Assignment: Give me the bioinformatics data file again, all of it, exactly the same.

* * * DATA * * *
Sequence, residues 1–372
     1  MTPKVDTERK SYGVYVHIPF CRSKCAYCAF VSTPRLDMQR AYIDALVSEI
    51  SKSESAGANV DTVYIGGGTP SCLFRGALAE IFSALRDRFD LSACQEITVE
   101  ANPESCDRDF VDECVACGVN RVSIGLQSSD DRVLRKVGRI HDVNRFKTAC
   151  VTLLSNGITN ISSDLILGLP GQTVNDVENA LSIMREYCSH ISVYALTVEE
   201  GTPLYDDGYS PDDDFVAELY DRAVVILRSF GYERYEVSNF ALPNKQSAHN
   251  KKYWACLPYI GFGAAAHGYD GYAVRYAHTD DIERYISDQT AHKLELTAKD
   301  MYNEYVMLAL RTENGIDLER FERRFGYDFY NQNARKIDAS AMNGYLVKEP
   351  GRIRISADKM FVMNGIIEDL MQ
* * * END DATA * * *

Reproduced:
Sequence, residues 1–372
     1  MTPKVDTERK SYGVYVHIPF CRSKCAYCAF VSTPRLDMQR AYIDALVSEI
    51  SKSESAGANV DTVYIGGGTP SCLFRGALAE IFSALRDRFD LSACQEITVE
   101  ANPESCDRDF VDECVACGVN RVSIGLQSSD DRVLRKVGRI HDVNRFKTAC
   151  VTLLSNGITN ISSDLILGLP GQTVNDVENA LSIMREYCSH ISVYALTVEE
   201  GTPLYDDGYS PDDDFVAELY DRAVVILRSF GYERYEVSNF ALPNKQSAHN
   251  KKYWACLPYI GFGAAAHGYD GYAVRYAHTD DIERYISDQT AHKLELTAKD
   301  MYNEYVMLAL RTENGIDLER FERRFGYDFY NQNARKIDAS AMNGYLVKEP
   351  GRIRISADKM FVMNGIIEDL MQ